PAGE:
Fighting for the future of journalism

Mi-ai Parrish, Arizona Republic publisher and editorial board member, talks with students and faculty members during Earth Week.

Mi-ai Parrish, Arizona Republic publisher and editorial board member, talks with students and faculty members during Earth Week.

Photo by Miguel Saucedo

Photo by Miguel Saucedo

Mi-ai Parrish, Arizona Republic publisher and editorial board member, talks with students and faculty members during Earth Week.

Austin Bell, Staff Writer

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During the spring semester at Paradise Valley Community College, in Phoenix, Arizona, Arizona Republic (AZ Republic), publisher and editorial board member Mi-Ai Parrish gave a talk to reflect on the 2016 presidential election and the state of journalism.
One of the first things Mi-Ai Parrish described in her speech is the decision of the AZ Republic to endorse a presidential candidate. Parrish, along with the editorial board, had a hard decision to make. She described that the entire board was in a situation of being stuck. Finally, the editorial board made the decision to endorse Hillary Clinton, the Democratic presidential candidate.

This turned out to be groundbreaking for two reasons; the AZ Republic is a paper grounded on Republican principles, and this is the first time the paper has endorsed a Democrat in its 120 year history. While she was prepared for threats both on a company and personal level, as well as losing business, she was still taken aback by the anger and vitriol against the AZ Republic.
Parrish cited her decision based off of her own guiding values and principles such as believing in free speech, a right to the free press as well as an informed community. Parrish, when describing her core values, quoted her own mother. She stated, “Never take for granted with what you have been blessed.”

Parrish then went on to discuss the challenges of reporting today, such as handling President Donald Trump’s tweets as well as combating fake news. The AZ Republic continuously works with technological companies, like Facebook, to help filter fake news from the real stories on the Internet.
Many media executives and journalists in leadership roles could probably comment on how this is the most exciting and potentially dangerous time. There are currently countless amounts of tools; the Internet and social media are the biggest. While this helps news corporations and individual journalists reach a larger audience, it has also brought upon the rise of false minimized reporting. To tackle these problems, journalists are trying to come up with creative solutions to these current problems.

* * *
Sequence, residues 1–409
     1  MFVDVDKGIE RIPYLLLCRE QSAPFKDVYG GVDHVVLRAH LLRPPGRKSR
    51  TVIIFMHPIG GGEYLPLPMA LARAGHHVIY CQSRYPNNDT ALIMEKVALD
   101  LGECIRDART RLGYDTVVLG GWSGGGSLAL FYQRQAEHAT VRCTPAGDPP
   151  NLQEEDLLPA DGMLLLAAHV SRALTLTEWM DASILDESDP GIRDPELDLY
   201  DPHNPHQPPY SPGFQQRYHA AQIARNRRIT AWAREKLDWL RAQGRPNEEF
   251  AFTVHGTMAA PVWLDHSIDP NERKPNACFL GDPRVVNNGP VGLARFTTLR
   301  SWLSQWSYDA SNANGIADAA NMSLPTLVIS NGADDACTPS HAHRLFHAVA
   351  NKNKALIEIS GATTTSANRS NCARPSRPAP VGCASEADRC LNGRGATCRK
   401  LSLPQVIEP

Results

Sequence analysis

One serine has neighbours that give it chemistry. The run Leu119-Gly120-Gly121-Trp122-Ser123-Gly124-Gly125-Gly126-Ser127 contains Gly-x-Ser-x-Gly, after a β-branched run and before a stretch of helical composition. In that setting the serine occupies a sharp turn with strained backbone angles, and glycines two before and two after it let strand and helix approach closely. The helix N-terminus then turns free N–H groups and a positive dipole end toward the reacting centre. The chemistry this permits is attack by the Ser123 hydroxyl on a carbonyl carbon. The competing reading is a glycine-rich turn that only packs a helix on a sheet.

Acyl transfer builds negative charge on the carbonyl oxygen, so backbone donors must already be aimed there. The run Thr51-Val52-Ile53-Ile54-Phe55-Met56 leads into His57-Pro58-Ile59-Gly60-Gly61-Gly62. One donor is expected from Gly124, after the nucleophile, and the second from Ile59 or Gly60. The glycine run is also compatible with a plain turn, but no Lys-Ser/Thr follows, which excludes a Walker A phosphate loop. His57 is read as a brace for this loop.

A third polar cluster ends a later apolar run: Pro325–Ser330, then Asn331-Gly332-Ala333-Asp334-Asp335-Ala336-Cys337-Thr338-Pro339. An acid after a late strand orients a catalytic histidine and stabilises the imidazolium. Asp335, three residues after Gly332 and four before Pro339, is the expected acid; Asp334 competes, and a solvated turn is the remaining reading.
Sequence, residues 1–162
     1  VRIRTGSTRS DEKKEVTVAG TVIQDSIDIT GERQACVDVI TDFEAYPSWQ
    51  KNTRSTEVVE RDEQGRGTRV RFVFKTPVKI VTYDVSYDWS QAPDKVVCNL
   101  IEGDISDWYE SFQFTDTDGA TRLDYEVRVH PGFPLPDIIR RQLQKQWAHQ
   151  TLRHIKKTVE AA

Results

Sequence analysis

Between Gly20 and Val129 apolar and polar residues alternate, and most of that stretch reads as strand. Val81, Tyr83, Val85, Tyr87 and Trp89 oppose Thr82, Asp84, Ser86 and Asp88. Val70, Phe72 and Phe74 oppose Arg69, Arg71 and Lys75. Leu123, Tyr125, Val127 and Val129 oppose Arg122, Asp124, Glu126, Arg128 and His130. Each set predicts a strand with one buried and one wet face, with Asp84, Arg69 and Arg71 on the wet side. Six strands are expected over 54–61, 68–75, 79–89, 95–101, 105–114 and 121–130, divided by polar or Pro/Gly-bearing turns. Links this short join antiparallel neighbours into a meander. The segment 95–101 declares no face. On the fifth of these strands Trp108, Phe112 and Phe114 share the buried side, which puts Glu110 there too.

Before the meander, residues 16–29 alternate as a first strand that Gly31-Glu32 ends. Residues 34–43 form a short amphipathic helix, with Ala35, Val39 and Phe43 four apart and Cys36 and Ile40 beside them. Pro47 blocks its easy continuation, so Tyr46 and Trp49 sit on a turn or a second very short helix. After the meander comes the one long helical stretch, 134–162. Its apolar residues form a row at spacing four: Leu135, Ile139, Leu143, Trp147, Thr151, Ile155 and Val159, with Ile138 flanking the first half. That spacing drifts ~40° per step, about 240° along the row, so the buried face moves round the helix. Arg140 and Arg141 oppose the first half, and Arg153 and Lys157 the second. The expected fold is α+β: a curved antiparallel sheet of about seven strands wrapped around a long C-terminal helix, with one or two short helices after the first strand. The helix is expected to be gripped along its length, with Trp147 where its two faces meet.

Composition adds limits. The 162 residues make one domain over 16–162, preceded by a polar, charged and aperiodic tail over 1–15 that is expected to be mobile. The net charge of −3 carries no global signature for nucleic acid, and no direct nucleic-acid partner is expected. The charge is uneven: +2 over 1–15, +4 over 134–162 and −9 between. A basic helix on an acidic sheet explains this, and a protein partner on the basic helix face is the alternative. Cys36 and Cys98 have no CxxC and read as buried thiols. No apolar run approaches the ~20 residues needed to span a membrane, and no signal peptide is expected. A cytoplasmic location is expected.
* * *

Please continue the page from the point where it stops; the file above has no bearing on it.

Yellow Journalism and False Journalism

Parrish presented the following ideas in her talk as well. The same technology that is used to reach more people, such as social media platforms like Twitter and Facebook, are also being used to disseminate false or inaccurate information. A disturbing trend that is happening is articles, videos and even headlines that are created to look authentic when compared to media and information companies, like the New York Times or the Washington Post. The migration of  news to the online world is similar to the rise of yellow journalism during the 1890’s. During that time the news industry created a code of ethics that helped return fact-finding journalism to the forefront of the industry.

The same way the code of ethics was instituted in the early 1900s, today there might be a need for an updated code to combat fake news syndrome. Blogger and City University of New York’s Graduate School of Journalism professor, Jeff Jarvis, in a blogpost, listed a myriad of suggestions for creating a more truthful and civil discussion online. Ideas such as making it easier for users to report fake news, hate speech, harassment and bots, as well as creating a system for media to send metadata about their fact-checking, debunking, confirmation and reporting on stories and memes to the platforms.

Future of Journalism

The advent of the Internet and social media has led the way for an open-journalism platform to begin spreading. Anyone with the tools necessary could become a journalist, but the problems lie in the training or respect for the ethical standards of journalism. To compete with this open-journalism platform, news organizations are ripping a page out of open-journalism’s playbook. In a Washington Post article, reporter Chris Cillizza stated the intentions of Dean Baquet and his plans to overhaul the New York Times. Baquet stated in an open memo, “Reporters will cover their subjects or regions without concern for where their stories land in the print paper, thus allowing them to take on subjects that do not need to be neatly categorized. Their editors, free from worrying about filling specific print pages, can say yes to a much wider range of story ideas that do not fit the old print architecture. And all this freedom of form and subject will make the print paper more compelling.”

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Fighting for the future of journalism